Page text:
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Database of Abstracts of Reviews of Effects (DARE): Quality-assessed Reviews [Internet]. York (UK): Centre for Reviews and Dissemination (UK); 1995-.

Database of Abstracts of Reviews of Effects (DARE): Quality-assessed Reviews [Internet].

The occurrence of adverse drug reactions reported for attention deficit hyperactivity disorder (ADHD) medications in the pediatric population: a qualitative review of empirical studies

Review published: 2011.

Bibliographic details: Aagaard L, Hansen EH.  The occurrence of adverse drug reactions reported for attention deficit hyperactivity disorder (ADHD) medications in the pediatric population: a qualitative review of empirical studies. Neuropsychiatric Disease and Treatment 2011; 7(1): 729-744. [PMC free article: PMC3256000] [PubMed: 22247615]

Abstract

BACKGROUND: To review empirical studies of adverse drug reactions (ADRs) reported to be associated with the use of medications generally licensed for treatment of attention deficit hyperactivity disorder (ADHD) symptoms in the pediatric population.

METHODS: PubMed, Embase, and PsycINFO(®) databases were searched from origin until June 2011. Studies reporting ADRs from amphetamine derivates, atomoxetine, methylphenidate, and modafinil in children from birth to age 17 were included. Information about ADR reporting rates, age and gender of the child, type, and seriousness of ADRs, setting, study design, ADR assessors, authors, and funding sources were extracted.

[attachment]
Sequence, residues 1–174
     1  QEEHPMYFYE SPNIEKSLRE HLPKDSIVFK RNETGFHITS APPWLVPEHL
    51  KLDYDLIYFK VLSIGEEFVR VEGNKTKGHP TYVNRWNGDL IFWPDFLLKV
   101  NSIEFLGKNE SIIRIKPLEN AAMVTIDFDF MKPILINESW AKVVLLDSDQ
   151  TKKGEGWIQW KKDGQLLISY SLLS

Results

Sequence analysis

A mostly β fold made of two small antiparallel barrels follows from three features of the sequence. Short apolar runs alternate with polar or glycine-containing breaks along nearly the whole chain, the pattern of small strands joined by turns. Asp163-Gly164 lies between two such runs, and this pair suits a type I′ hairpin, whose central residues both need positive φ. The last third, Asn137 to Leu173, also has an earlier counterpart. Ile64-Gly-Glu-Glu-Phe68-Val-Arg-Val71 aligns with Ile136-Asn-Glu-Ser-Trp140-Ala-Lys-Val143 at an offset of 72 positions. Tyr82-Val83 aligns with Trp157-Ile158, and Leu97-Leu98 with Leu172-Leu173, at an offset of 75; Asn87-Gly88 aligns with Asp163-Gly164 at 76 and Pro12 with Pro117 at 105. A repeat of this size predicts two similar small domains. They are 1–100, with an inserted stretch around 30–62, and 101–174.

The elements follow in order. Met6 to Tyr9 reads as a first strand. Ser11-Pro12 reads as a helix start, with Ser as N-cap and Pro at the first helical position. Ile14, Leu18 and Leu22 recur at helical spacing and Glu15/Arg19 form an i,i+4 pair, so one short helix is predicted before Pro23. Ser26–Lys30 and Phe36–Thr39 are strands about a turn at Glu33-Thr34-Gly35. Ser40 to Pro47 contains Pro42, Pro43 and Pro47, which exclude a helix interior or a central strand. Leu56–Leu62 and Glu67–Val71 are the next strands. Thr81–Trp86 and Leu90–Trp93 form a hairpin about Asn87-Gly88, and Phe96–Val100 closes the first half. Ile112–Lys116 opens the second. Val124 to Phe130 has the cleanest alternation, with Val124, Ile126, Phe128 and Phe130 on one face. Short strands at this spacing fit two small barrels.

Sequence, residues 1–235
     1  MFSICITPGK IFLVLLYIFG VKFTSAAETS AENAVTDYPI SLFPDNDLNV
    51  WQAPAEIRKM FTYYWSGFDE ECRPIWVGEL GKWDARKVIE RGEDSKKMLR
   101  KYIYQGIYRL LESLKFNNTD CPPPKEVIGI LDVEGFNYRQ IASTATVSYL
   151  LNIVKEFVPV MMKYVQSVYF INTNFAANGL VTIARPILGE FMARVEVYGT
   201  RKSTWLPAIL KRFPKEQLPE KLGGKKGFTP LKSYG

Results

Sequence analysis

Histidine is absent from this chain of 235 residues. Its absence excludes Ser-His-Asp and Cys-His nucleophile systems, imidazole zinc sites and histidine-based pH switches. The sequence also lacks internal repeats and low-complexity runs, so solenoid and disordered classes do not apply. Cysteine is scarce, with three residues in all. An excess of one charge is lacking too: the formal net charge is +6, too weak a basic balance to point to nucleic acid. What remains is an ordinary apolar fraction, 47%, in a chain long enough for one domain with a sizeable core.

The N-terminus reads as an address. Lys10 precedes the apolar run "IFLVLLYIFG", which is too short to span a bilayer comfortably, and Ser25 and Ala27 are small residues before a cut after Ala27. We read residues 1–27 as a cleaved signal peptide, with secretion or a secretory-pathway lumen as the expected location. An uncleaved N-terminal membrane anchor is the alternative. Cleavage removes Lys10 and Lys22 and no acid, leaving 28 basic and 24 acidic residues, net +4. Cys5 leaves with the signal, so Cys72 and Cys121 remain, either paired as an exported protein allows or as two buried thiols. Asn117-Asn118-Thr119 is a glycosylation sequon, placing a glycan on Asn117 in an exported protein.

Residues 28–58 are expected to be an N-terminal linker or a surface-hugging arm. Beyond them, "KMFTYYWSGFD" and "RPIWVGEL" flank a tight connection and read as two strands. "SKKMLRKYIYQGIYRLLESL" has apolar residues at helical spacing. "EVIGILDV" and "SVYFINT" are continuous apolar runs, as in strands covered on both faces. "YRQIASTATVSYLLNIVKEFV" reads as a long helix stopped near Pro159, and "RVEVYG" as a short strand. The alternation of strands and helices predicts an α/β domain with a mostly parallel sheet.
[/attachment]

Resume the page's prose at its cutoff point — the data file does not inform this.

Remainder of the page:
RESULTS: The review identified 43 studies reporting ADRs associated with medicines for treatment of ADHD in clinical studies covering approximately 7000 children, the majority of 6- to 12-year-old boys, and particularly in the United States of America (USA). The most frequently reported ADRs were decrease in appetite, gastrointestinal pain, and headache. There were wide variations in reported ADR occurrence between studies of similar design, setting, included population, and type of medication. Reported ADRs were primarily assessed by the children/their parents, and very few ADRs were rated as being serious. A large number of children dropped out of studies due to serious ADRs, and therefore, the actual number of serious ADRs from use of psychostimulants is probably higher. A large number of studies were conducted by the same groups of authors and sponsored by the pharmaceutical companies manufacturing the respective medications.

CONCLUSION: Reported ADRs from use of psychostimulants in children were found in clinical trials of short duration. Since ADHD medications are prescribed for long-term treatment, there is a need for long-term safety studies. The pharmaceutical companies should make all information about ADRs reported for these medications accessible to the public, and further studies are needed on the impact of the link between researchers and the manufacturers of the respective products.

CRD has determined that this article meets the DARE scientific quality criteria for a systematic review.

Copyright © 2014 University of York.

PMID: 22247615

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